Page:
Wouldn’t it be refreshing to see legends like FFF for “Fat Fat Fat” or HS for “Heart Stopper” or LC for “Laden with Cholesterol” or MSS – “More Salt than Siberia.”  How about CG – “Calories Galore.”  I mean they put warnings on cigarettes (“you will die“) but the warnings on food rarely describe the destructive effects of salt and sugar and the artery-clogging and unbalanced nature of fast foods, red meats and genetically-modified foods.   

Burger King has – I kid you not – a “Triple Whopper with Cheese Meal” with fries and a Coke.  There are nearly 2,200 calorie and 2,300 mg of sodium in this “meal.”  Oh, plus 35 grams of saturated fat.  If you add a McDonalds large triple thick shake, you can tack on 1,160 calories.  Frankly, when I order the Triple Whopper, I ask for it with bacon and cheddar fries.  And finish with a giant piece of cheesecake.  And a cup of coffee with NutraSweet (certainly not sugar).  Now that’s living. . . . .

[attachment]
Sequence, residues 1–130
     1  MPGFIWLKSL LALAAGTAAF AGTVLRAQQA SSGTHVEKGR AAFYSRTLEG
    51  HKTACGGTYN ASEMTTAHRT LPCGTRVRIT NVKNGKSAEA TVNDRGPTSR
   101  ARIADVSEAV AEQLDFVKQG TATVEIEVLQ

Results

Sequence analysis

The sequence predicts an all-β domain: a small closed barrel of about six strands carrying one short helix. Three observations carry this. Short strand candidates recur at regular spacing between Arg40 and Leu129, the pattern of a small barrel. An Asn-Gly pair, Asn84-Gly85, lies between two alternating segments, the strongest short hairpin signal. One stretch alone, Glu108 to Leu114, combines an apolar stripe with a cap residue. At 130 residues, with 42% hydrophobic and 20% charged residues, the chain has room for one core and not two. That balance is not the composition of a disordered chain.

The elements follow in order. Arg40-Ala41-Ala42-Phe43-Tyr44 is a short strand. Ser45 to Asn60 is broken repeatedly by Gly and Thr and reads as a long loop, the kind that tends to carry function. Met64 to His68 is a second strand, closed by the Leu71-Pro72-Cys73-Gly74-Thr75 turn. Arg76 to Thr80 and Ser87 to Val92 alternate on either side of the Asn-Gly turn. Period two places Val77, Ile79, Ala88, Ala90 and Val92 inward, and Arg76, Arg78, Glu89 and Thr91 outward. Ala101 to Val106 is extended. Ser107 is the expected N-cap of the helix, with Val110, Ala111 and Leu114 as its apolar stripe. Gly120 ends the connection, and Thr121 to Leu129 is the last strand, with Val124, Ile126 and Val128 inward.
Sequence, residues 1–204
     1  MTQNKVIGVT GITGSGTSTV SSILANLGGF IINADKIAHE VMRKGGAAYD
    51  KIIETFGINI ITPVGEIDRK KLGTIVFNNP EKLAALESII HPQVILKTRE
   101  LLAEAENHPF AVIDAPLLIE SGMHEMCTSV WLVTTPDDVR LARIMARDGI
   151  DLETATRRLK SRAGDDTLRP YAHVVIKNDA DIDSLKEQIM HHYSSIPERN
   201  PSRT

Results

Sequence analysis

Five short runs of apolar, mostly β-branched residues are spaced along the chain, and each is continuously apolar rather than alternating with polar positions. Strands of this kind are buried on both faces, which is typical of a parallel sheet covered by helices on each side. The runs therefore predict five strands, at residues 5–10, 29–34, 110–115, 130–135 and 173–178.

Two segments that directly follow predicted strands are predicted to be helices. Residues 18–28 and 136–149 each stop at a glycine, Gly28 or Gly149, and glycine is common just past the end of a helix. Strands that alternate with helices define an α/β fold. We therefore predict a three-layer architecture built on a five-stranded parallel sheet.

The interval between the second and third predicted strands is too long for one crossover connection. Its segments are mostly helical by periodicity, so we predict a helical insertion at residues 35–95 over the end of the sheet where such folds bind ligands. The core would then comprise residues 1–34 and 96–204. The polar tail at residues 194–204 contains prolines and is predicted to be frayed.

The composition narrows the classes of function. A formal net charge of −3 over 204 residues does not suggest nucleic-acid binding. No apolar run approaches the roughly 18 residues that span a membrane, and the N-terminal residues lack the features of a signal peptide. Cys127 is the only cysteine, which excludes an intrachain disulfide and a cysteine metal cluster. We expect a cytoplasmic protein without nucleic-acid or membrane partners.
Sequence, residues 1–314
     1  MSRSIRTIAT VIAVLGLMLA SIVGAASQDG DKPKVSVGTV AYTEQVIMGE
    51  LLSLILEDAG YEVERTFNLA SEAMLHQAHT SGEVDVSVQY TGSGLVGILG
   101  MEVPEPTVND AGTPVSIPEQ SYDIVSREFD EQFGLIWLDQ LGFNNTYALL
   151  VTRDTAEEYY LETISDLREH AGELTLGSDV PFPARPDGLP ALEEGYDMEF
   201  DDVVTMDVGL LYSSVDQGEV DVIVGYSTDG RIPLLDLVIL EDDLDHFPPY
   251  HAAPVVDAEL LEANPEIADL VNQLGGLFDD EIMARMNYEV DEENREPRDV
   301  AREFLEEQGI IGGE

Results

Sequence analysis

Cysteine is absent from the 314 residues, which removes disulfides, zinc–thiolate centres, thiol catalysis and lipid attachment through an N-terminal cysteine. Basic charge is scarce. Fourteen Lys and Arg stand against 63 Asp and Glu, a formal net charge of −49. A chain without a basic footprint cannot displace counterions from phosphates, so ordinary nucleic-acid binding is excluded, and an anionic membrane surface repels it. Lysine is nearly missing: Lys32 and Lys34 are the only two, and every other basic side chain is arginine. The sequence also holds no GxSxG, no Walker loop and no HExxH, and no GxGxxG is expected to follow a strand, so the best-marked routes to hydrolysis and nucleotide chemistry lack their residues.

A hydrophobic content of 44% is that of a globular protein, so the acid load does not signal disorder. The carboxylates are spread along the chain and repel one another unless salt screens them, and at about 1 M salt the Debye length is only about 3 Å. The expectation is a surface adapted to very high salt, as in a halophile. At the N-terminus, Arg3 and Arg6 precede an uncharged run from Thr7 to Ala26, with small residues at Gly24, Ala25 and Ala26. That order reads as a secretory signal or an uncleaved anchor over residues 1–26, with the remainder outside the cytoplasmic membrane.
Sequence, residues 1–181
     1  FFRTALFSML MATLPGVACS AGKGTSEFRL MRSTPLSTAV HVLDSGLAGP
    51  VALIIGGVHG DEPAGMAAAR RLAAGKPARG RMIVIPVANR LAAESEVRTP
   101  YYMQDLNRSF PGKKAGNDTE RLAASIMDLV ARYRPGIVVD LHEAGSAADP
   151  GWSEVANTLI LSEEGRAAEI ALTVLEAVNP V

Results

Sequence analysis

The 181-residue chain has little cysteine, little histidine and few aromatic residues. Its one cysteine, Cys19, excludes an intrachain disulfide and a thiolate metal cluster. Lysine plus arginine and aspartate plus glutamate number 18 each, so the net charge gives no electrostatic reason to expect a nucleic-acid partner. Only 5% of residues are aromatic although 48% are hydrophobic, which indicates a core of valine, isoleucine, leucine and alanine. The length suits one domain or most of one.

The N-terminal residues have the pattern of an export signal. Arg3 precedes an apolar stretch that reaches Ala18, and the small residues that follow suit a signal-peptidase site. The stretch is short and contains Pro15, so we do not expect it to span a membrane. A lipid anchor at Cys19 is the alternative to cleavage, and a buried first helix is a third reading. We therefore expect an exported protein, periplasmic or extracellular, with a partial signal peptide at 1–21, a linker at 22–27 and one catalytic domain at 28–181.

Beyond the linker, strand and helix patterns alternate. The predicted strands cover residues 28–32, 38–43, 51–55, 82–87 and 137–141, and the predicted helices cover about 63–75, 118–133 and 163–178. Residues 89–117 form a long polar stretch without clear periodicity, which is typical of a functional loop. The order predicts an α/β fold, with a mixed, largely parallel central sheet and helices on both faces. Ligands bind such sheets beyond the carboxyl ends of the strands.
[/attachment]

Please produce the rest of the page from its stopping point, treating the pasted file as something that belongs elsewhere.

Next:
Social Security

I’m not as dumb as I look.  But I have to confess that on the subject of Social Security, I’ve been like “duhhhhh.”  It’s just recently that I have started to give Social Security more than a passing glance.  And it’s like “Wow!”  While I have reached that magical “full retirement age” (for me – 66) where I can collect my full Social Security benefits and yet still work full time, I have decided to wait.  If I wait one year, I collect an added 8% annual benefit.  Waiting two years – another 8%.   Benefits go up 8% each year until age 70.  At that other magical age – 70 – there is no incentive to forestall collecting benefits.